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Title: 'Between sympathy and detachment' : point of view and distance in movies directed by Alfred Hitchcock, Otto Preminger and Max Ophuls
Author: Zborowski, James
ISNI:       0000 0004 2693 0580
Awarding Body: University of Warwick
Current Institution: University of Warwick
Date of Award: 2008
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This thesis explores some of the possibilities of the relationship established between a movie, its main character(s) and the viewer in terms of distance. I treat distance primarily as an aspect of point of view, and it is in relation to the body of literature in film studies pertaining to point of view that this account positions itself in its first chapter. I offer there a series of arguments that reject i) the need to postulate a cinematic narrator for all or even most movies, ii) the over-privileging of the camera in theorizations of point of view, and iii) accounts of point of view built too centrally around characters, with a too-narrow emphasis upon either optical POV shots or characters-as-narrators. I present a more holistic approach to point of view and distance. My three case study chapters are structured according to Robin Wood’s suggestion that the films of Max Ophuls achieve a balance between ‘the audience-participation techniques of Hitchcock and the clinical objectivity and detachment of Preminger’ (Personal Views 126). Each chapter chiefly offers a critical account of point of view and distance in a single movie. First, I discuss Vertigo (Hitchcock, 1958): I describe the techniques it employs to encourage the viewer to share its protagonist’s emotional experiences. Next, I discuss Anatomy of a Murder (Otto Preminger, 1959): how the movie achieves emotional detachment in its viewer, and to what end. Finally, I discuss The Reckless Moment (Max Ophuls, 1949), and demonstrate how the movie, whilst rarely leaving its protagonist’s side and maintaining a sympathetic view of her, is committed to revealing the limitations of her perspective on events. My first chapter constitutes a contribution to various longstanding debates within the study of filmic point of view. I view this thesis mainly as a work of film criticism, and therefore as a contribution to our understanding of the directors and films studied within it – and of Hollywood cinema more broadly. I also view this account as a demonstration of one methodological approach we might usefully adopt in the study of film and point of view – a comparative approach rooted in detailed textual analysis.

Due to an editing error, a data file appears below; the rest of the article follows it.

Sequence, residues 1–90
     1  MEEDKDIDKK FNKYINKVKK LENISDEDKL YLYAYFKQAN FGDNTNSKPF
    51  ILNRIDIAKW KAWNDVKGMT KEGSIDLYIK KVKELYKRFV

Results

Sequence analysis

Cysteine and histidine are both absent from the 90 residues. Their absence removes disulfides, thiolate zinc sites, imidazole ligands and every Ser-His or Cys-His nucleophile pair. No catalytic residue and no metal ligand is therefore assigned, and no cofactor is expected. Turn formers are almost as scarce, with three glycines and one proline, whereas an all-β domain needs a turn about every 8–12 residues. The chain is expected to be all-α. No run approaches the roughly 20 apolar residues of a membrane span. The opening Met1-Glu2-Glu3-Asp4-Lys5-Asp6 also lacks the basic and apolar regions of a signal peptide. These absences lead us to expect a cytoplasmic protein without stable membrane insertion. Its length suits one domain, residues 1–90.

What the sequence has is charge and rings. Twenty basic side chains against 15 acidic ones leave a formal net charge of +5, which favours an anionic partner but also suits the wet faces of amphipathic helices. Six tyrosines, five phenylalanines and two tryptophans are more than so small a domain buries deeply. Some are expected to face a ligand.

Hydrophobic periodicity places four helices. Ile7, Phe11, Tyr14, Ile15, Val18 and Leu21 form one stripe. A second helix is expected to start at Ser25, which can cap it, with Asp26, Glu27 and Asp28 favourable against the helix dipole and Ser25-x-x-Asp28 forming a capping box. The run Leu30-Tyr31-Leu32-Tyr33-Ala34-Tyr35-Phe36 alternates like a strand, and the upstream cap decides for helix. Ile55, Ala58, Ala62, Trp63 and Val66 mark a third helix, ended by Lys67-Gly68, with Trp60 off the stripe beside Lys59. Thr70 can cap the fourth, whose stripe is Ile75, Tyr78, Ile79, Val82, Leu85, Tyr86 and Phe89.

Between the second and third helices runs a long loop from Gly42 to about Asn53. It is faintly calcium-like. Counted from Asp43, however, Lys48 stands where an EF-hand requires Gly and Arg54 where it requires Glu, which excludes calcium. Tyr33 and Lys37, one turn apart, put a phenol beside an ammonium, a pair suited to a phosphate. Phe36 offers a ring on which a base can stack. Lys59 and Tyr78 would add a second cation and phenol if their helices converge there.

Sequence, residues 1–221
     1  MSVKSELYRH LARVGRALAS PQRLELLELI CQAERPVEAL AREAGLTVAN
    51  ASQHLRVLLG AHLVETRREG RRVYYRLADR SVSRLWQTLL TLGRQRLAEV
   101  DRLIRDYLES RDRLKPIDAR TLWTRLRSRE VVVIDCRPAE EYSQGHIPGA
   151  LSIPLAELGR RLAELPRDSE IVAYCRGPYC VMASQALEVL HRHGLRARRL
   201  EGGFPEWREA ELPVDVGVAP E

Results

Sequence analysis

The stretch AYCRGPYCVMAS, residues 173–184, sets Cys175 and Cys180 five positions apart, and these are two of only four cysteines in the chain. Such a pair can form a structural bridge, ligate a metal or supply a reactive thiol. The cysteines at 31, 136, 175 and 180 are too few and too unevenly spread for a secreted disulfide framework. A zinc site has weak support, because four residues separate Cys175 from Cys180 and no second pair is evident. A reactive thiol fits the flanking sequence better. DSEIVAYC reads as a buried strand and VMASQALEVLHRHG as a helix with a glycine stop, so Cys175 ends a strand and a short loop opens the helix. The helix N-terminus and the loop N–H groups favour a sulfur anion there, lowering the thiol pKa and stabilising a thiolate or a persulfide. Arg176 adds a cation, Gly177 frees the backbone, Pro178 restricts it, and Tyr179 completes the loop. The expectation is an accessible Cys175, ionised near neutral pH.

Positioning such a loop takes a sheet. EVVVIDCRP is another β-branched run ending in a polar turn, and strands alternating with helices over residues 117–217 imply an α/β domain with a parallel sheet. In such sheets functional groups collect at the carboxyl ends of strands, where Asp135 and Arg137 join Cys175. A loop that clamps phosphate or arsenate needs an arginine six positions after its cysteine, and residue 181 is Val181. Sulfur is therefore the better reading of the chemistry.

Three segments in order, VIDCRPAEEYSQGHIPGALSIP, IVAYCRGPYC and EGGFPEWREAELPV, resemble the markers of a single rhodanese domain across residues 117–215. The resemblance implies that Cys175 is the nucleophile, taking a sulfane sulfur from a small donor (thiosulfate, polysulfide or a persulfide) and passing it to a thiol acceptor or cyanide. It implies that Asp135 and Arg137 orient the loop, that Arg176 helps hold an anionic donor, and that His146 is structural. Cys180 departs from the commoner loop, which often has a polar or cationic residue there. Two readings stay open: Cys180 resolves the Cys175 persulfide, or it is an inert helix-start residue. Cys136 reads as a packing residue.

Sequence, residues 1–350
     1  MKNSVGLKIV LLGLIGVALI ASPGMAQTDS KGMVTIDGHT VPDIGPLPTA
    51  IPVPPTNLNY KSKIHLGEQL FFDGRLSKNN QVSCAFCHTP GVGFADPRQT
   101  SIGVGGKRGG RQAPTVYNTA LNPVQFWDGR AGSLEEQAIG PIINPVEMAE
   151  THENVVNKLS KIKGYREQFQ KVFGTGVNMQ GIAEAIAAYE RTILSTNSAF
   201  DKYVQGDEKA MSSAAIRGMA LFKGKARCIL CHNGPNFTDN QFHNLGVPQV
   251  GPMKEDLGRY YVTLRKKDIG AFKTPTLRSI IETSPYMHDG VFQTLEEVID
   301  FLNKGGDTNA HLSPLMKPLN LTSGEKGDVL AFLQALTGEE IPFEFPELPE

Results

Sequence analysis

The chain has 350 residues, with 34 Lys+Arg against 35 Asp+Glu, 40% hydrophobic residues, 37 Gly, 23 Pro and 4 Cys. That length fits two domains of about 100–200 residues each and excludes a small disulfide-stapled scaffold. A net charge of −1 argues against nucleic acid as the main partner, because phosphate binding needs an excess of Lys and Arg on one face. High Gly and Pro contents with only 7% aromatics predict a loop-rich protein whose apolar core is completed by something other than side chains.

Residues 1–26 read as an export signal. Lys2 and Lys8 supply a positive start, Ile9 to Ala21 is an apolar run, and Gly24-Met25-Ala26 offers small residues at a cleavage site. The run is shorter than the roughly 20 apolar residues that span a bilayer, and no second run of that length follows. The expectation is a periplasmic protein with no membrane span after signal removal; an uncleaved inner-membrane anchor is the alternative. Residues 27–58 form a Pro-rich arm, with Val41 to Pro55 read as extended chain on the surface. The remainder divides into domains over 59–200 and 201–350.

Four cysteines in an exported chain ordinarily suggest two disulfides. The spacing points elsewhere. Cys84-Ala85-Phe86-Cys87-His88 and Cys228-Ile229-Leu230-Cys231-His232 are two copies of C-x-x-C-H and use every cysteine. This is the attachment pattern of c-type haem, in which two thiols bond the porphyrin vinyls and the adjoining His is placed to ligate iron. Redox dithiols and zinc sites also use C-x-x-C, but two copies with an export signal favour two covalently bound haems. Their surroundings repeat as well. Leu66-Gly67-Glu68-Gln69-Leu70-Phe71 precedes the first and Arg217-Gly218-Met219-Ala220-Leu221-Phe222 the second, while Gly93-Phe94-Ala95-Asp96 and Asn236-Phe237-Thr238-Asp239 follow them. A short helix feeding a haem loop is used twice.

Supervisor: Not available Sponsor: Arts and Humanities Research Council (Great Britain) (AHRC)
Qualification Name: Thesis (Ph.D.) Qualification Level: Doctoral
EThOS ID:  DOI: Not available
Keywords: PN1993 Motion Pictures